APhA’s diabetes challenge shows promising results
WASHINGTON A lengthy and broad-ranging pilot project to test the effectiveness of diabetes care initiatives by pharmacists allied with other healthcare professionals is yielding positive results among patients enrolled in the program, new data show.
Reporting on the initial results of its so-called Diabetes 10 City Challenge, the American Pharmacists Association Foundation cited “improved patient health across key clinical and diabetes care indicators” as a result of pharmacist interventions and other collaborative efforts.
The 10 City Challenge is an employer-based diabetes self-management program conducted by APhA Foundation with support from GlaxoSmithKline. Since it was launched in October 2005, 31 employers in ten cities have joined forces with hundreds of pharmacists to help more than 1,000 people manage their diabetes.
The interim results of the years-long project appear in the March/April issue of the Journal of the American Pharmacists Association. They show a positive trend in controlling diabetes, according to APhA, including “documented clinical improvements in all the recognized standards for diabetes care.”
Among the results were decreases in blood sugar, LDL cholesterol and blood pressure levels; increases in the number of participants who keep current on influenza vaccinations, foot examinations and eye examinations; and a 21 percent rise in the number of participants who achieve American Diabetes Association goals for hemoglobin A1C results.
In addition, the report stated, more than 97 percent of patients who participate in the 10 City Challenge report being “very satisfied” or “satisfied” with the diabetes care provided by pharmacists.
“The results to date prove that this collaborative-practice model is effective for managing diabetes and replicable in diverse locations and employers,” said William Ellis, chief executive officer of the APhA Foundation and co-author of the peer-reviewed interim data article. “In years of experience with this model we have seen that when you have positive clinical outcomes and increased patient satisfaction in the early stages, the economic benefits follow.”
The final 10 City Challenge report, due out in 2009, will include cost-savings data for the employers who participated.
Pharmacy organizations in California request CMS examination of Medi-Cal cuts
SACRAMENTO, Calif. The National Association of Chain Drug Stores, the California Pharmacists Association and the California Retail Association called on federal regulators Friday to carefully examine a state plan amendment for a 10 percent “across-the-board” cut to Medi-Cal reimbursements.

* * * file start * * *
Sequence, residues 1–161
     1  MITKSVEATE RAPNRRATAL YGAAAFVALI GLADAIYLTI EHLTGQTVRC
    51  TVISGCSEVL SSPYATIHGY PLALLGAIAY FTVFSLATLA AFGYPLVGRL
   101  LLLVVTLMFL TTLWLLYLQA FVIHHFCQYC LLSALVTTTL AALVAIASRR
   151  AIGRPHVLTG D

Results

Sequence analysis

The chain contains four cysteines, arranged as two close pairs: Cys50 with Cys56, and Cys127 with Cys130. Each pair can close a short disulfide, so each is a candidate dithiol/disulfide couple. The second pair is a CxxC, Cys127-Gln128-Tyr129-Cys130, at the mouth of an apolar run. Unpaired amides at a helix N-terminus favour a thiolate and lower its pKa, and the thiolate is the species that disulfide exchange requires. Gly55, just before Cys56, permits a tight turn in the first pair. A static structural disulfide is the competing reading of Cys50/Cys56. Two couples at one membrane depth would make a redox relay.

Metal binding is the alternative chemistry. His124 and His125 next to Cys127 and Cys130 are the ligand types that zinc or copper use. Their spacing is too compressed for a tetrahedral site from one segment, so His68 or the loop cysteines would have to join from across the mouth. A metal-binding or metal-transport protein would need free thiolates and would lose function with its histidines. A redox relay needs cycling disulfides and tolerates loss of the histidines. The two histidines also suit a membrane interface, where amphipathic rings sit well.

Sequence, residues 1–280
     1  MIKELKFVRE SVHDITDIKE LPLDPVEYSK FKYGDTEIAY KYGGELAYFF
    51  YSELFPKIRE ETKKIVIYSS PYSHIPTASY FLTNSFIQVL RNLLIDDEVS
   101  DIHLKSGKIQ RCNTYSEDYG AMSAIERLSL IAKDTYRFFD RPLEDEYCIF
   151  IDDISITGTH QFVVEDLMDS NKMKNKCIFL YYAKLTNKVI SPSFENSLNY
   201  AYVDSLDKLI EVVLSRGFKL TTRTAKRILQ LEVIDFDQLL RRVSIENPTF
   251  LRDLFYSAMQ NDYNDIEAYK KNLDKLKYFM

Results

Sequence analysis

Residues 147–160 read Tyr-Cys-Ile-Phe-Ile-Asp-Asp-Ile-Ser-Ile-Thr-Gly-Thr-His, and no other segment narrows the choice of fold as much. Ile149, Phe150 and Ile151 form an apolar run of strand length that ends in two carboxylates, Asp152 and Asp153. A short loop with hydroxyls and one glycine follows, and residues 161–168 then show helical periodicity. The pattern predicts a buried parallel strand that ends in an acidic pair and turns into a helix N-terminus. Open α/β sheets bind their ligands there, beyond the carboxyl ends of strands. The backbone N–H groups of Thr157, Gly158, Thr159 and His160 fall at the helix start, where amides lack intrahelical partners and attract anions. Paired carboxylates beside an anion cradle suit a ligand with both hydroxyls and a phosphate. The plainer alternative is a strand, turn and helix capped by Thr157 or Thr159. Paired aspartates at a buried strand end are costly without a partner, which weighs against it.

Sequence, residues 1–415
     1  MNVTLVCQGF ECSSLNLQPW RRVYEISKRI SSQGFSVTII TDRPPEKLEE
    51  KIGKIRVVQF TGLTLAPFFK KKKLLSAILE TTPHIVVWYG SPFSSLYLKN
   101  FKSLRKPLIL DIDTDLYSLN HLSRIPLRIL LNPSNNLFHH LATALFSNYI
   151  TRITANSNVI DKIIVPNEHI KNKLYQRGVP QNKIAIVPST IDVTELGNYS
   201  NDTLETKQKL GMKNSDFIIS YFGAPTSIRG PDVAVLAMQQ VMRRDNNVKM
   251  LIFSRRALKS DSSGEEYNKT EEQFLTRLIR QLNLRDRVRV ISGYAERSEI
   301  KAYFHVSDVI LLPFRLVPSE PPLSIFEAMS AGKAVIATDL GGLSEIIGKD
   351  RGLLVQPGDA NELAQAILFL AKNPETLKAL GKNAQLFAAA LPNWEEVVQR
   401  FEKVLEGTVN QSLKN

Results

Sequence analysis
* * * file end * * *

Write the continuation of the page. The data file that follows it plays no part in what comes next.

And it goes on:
In a joint letter to the administrator of the Centers for Medicare and Medicaid Services, Kerry Weems, the groups highlighted potential consequences of the reduction, which was enacted last month.
“We urge that CMS ensure that DHCS and the Medi-Cal program have performed their statutorily required due diligence under the Medicaid statute in evaluating the impact of each component provider reduction on beneficiary access. If they have not done so, we urge that the SPA be rejected,” the groups stated.
“Maintaining pharmacy access is important not only to Medi-Cal beneficiaries’ health and safety, but also to the Medicaid program’s overall ability to constrain costs at the ‘macro’ level,” they noted, citing studies that have found reduced access to prescriptions can result in increased emergency room visits and prolonged hospital stays, which are more costly forms of healthcare.
Pharmacies fill over 22 million prescriptions for Medi-Cal patients every year, and NACDS, CPhA, and the CRA represent approximately 5,000 pharmacies operating in California.
“Many California providers—and particularly pharmacy providers—have experienced repeated reductions in Medi-Cal reimbursement over the last few years,” the groups wrote. “[It] it is crucial that any additional cuts be performed in a measured and rational manner that takes beneficiary access levels into consideration. We trust that if the supportive documentation submitted by the state with the proposed SPA fails to meet the federal statutory standard, CMS will reject that submission and insist that the federal standard be met through a provider-by-provider evaluation of beneficiary access levels.”
Merck inks deal to commercialize future Marcadia products
INDIANAPOLIS Marcadia Biotech and Merck have signed a deal under which Merck will help the company test and commercialize its products.
Under the terms of the agreement, Merck will pay Marcadia an initial upfront fee, as well as payments for exclusivity and ongoing research. Marcadia will also be eligible to receive future milestone and royalty payments associated with research, development and commercialization of certain new drugs. Financial terms were not disclosed.
Marcadia does not have any products on the market yet. It is developing a synthetic hormone that will be supplied in an injector pen, making it ready for quick use in emergency treatment of hypoglycemia.